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People were even nice when on my first day I brought in this concoction (it sounds gross, but it was oddly good) of mushrooms, mashed potatoes, salmon and corn, which stunk up the break room. I genuinely was not deserving of such kind forgiveness.

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But anywho, I’m going to stay here until I die, so when I do that, I’ll be happy.

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What moving across the country for the second time in a year means to me

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Yes, I am moving back to the state I was so happy to move away from eight months ago when I got the job which allowed it. No, I did not fail. Neither my boyfriend nor I failed at anything while in Oregon, except finding jobs in better areas that would allow us to stay here. The thing about Tillamook–the county to which we moved–is that it mainly consists of people who have family here, or who are looking to slow down after retirement. This makes it difficult for two people looking to have careers full of any growth whatsoever (a.k.a. my boyfriend and I). So, long story short, after deciding we’d want to settle down near our immediate families anyway, we found wonderful–and I do mean wonderful–jobs closer to the end of Pennsylvania where I grew up.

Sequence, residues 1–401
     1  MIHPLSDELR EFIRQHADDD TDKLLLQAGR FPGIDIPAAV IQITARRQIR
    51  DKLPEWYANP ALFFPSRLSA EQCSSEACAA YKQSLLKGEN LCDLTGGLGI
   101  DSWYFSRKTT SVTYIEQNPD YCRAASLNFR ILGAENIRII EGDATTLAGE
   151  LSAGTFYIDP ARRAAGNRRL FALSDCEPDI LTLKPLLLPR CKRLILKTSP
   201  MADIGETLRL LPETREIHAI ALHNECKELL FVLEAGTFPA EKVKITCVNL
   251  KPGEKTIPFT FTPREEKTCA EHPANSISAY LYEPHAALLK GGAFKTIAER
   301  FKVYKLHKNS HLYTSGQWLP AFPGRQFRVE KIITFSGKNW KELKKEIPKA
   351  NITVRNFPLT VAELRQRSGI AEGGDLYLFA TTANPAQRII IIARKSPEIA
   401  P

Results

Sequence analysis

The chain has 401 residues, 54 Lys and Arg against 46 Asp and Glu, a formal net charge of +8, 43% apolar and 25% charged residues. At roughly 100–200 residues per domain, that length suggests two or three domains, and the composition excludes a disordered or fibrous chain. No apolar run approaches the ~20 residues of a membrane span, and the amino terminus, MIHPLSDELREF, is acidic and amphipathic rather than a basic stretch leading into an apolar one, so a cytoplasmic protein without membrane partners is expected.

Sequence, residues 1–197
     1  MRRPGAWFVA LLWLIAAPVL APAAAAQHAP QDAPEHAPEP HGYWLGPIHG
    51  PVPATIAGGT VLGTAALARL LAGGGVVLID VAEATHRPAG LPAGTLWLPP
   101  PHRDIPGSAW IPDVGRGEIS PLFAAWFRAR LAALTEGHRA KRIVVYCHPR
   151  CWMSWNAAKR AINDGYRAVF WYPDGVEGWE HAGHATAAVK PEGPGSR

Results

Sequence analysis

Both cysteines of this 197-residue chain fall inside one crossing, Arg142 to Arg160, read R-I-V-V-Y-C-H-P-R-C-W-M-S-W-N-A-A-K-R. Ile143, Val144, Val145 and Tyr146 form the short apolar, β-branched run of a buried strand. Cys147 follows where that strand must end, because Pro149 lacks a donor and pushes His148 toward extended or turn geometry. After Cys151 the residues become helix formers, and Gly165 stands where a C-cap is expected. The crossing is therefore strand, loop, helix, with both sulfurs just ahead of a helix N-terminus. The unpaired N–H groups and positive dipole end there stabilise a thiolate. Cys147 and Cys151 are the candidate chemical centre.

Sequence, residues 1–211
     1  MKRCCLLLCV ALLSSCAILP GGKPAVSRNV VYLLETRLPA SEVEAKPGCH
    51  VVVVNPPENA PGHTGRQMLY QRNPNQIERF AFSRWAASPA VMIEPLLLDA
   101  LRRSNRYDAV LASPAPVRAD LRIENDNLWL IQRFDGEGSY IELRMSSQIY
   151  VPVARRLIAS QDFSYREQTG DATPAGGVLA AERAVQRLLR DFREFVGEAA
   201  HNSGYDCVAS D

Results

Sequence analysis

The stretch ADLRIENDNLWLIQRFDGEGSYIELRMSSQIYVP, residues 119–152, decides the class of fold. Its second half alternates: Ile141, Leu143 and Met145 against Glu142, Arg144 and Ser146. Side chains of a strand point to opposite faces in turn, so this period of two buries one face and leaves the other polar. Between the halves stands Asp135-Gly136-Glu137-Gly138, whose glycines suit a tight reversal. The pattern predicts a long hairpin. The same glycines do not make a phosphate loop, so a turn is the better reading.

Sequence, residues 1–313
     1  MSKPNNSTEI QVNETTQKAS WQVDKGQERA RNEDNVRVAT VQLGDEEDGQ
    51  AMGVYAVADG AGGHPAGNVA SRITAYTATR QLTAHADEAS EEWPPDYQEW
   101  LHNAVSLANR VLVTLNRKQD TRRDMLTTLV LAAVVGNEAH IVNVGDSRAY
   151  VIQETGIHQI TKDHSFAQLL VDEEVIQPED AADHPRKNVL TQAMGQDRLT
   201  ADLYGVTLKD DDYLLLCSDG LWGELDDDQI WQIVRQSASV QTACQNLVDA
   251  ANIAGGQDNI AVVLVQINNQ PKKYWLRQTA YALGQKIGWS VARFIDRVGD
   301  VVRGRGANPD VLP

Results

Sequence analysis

I am over the moon about the opportunity to return home to both our families and promising careers, however, moving back across the country for the second time in a year has presented about 128,785,436,435,960,596 more challenges than the first time we made the trip.

1. Everything went wrong that could go wrong; shipping our additional car involves Russians who like to sleep (long story), things cost money, our pets’ heads are falling off, etc.

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2. We’re traveling on Thanksgiving and Thanksgiving weekend, by car. And since God or Warren Buffett or whoever has decided to take a big white dump on everyone earlier and earlier every year, we’re facing driving home in another Polar Vortex. As if Wyoming didn’t already suck.

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3. We only found a place to live a week before we’re set to leave. Do you know what it’s like, having a job, having the whole world open to you, but not knowing if the world has a Pennsylvanian roof for me and my boyfriend at a reasonable (journalist) price? I should hope you do not. It’s nothing short of adorable. Did you catch the sarcasm there? And, of course, finding a place in the county we’re moving to that’s within our budget and doesn’t have a shooting every other hot second was another fun hoop to jump through.